The federal government has rolled back Obama-era protections that would ensure trans patients have access to medical treatment without discrimination.
Trigger Warning: Homophobia, Transphobia, Gun Violence
Bang in the middle of Pride Month, the Trump administration has reworded policy in order to make it easier for healthcare professionals to deny medical help to trans patients. In a move that erases Obama-era protections for the transgender community, the federal government finalized on Friday a regulation that is part of a broader attempt at narrowing the legal definition of "sex discrimination." Now, there is more room for discrimination against trans folks in the fields of education, housing, and employment, The New York Times reports. The change has been highly criticized by trans rights activists and is likely to leave thousands of trans people at risk.
When asked about the change in policy, director of the Office for Civil Rights at the Department of Health and Human Services Roger Severino claimed it was simply "housekeeping." The agency is responsible for the newly-introduced rule which it claims was implemented as a means of updating their books "to reflect the legal reality" of sex discrimination. The Obama administration had previously interpreted the law to include gender identity, not just the gender assigned at birth. Under the original rule from 2016, all healthcare providers and insurers would have been mandated by federal to "provide and cover medically appropriate treatment" for all trans patients.
The law was established as part of former President Barack Obama's attempt at implementing universal healthcare in the United States, the Affordable Care Act. The 2010 Act deemed that anyone, regardless of race, color, national origin, sex, age, or disability, seeking treatment from "any health program or activity" that receives federal financial assistance, would receive it - without discrimination. This particular aspect of the law has been under litigation for several years and the Trump administration has simply refused to enforce it. Ultimately, this means that the final rule really has no immediate practical effect. It must be noted, however, that several courts which considered the same legal questions found in favor of the Obama administration’s interpretation of the law.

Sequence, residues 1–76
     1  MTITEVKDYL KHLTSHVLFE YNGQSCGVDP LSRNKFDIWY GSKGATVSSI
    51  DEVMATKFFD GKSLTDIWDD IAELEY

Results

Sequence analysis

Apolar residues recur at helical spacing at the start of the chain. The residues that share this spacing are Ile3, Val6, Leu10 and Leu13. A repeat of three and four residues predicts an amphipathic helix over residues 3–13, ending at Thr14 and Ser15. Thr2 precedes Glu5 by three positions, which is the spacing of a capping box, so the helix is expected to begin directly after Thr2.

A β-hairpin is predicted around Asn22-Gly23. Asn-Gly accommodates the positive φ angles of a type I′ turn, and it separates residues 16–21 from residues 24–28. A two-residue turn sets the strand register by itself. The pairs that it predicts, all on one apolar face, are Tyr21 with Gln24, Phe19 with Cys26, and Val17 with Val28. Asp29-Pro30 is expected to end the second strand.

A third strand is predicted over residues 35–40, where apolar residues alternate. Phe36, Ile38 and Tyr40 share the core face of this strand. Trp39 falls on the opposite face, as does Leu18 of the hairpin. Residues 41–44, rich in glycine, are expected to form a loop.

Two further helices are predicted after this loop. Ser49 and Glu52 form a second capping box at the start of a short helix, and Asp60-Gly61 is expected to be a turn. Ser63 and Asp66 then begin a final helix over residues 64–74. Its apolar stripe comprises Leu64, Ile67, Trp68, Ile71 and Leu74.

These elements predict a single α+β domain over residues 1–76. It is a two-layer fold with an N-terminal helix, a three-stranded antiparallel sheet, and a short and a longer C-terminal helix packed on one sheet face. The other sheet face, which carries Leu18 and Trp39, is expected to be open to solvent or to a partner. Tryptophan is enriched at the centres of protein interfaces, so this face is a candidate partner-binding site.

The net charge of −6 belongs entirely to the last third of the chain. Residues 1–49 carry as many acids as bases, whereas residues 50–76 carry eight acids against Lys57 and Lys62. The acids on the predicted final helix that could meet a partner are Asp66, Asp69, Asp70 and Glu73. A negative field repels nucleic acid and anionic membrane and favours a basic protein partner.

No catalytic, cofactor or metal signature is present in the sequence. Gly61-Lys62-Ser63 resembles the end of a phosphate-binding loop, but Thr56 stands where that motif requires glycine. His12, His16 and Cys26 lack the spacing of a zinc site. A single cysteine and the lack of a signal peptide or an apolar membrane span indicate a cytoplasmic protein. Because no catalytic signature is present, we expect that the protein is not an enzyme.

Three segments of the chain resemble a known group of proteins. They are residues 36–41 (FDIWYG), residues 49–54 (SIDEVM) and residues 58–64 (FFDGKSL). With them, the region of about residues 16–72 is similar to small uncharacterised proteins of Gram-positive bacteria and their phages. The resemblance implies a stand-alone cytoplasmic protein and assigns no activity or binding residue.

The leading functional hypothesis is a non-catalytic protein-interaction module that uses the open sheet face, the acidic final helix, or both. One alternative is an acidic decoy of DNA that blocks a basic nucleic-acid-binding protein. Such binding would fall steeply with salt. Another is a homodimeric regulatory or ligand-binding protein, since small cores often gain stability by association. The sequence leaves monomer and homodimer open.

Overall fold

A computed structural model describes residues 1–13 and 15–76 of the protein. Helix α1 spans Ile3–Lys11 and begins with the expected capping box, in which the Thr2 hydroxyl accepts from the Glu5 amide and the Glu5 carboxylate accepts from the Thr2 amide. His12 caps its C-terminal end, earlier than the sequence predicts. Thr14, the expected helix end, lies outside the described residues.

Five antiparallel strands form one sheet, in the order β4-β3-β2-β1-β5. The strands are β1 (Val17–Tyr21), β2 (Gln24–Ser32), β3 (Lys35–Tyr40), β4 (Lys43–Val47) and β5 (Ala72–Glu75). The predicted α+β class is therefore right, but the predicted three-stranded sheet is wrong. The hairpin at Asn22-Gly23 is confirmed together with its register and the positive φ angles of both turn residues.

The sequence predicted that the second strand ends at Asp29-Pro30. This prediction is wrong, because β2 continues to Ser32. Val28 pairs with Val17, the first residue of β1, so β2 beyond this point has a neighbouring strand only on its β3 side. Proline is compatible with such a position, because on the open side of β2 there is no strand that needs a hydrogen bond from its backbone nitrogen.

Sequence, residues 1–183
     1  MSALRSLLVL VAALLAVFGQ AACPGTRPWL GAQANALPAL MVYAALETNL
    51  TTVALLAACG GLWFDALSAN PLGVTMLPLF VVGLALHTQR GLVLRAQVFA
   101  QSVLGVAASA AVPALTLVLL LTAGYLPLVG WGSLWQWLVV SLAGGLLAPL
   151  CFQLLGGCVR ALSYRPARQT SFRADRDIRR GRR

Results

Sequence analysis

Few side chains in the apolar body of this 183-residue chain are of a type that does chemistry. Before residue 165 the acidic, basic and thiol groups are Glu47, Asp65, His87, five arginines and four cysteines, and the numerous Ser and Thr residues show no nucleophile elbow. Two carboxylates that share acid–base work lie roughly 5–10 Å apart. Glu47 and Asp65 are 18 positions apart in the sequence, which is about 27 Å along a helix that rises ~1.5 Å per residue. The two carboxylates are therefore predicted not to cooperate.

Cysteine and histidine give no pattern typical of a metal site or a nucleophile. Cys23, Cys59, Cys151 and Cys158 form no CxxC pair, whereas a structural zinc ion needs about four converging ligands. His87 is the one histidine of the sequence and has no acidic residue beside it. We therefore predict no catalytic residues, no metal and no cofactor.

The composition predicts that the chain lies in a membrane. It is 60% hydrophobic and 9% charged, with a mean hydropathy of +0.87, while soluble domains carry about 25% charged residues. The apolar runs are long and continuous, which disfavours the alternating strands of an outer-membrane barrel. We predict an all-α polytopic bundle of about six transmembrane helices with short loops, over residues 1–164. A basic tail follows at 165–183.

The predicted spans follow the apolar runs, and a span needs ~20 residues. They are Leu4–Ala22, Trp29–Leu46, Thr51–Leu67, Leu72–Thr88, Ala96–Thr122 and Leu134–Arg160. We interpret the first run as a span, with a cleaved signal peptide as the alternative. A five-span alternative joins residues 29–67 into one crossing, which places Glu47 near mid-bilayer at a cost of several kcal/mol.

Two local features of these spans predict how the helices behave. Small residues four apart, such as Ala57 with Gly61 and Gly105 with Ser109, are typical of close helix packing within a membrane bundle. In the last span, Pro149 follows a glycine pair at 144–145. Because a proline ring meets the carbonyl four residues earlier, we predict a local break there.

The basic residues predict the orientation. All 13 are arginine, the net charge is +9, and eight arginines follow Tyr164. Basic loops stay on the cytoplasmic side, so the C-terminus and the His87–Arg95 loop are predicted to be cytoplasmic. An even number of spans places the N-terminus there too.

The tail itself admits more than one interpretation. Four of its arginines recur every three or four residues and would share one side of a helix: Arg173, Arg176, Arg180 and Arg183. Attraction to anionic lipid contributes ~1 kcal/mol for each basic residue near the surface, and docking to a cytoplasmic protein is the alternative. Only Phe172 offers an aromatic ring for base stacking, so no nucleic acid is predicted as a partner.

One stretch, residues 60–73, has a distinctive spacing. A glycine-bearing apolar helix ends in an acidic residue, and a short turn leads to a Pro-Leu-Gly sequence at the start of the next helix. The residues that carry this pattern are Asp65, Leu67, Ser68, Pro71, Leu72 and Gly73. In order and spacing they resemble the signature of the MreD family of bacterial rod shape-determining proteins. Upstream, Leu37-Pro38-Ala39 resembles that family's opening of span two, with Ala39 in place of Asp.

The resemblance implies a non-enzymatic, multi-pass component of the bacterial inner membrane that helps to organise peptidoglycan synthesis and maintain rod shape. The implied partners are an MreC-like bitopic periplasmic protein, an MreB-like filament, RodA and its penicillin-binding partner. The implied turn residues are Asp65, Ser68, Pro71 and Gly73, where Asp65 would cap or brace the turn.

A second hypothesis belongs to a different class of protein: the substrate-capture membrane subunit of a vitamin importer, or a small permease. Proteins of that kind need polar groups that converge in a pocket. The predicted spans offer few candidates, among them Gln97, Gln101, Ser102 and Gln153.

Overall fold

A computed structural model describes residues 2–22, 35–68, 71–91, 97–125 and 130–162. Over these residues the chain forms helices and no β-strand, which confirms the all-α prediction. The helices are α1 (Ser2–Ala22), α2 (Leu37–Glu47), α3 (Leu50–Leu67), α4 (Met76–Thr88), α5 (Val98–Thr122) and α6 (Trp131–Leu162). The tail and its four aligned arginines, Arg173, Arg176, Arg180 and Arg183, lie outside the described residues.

According to Severino, the change allows for flexibility; healthcare providers are now free to adopt their own policies regarding gender identity and care. He stated, "It’s not the role of the federal bureaucrat to impose their own meanings on the words that their representatives have enshrined into law." Nonetheless, this is why the change is particularly discriminatory, it permits bigoted healthcare professionals to turn away whoever they so please. For trans rights activists, the development could not have been revealed at a worse time. Not only is this month supposed to be a celebration of non-cisgender identities, but it was also announced on the four-year anniversary of the mass shooting that took place at Pulse, a gay nightclub in Orlando, Florida. Severino claimed this was "purely coincidental."
To add to this, the ongoing public health crisis will only worsen medical care for trans folks. Rodrigo Heng-Lehtinen, the deputy executive director of the National Center for Transgender Equality, explained, "It’s really, really horrendous to not only gut nondiscrimination protections, but to gut nondiscrimination protections in the middle of a pandemic. This rule opens a door for a medical provider to turn someone away for a Covid-19 test just because they happen to be transgender." The Trump administration thus makes one thing clear: trans lives do not matter to them.
Recognizing this implicit affirmation, the Human Rights Campaign released the following statement: "We will not let this attack on our basic right to be free from discrimination in health care go unchallenged. We will see them in court, and continue to challenge all of our elected officials to rise up against this blatant attempt to erode critical protections people need and sanction discrimination." Hopefully, the book of law will find that all Americans, regardless of gender identity and expression, are entitled to accessible and affordable healthcare.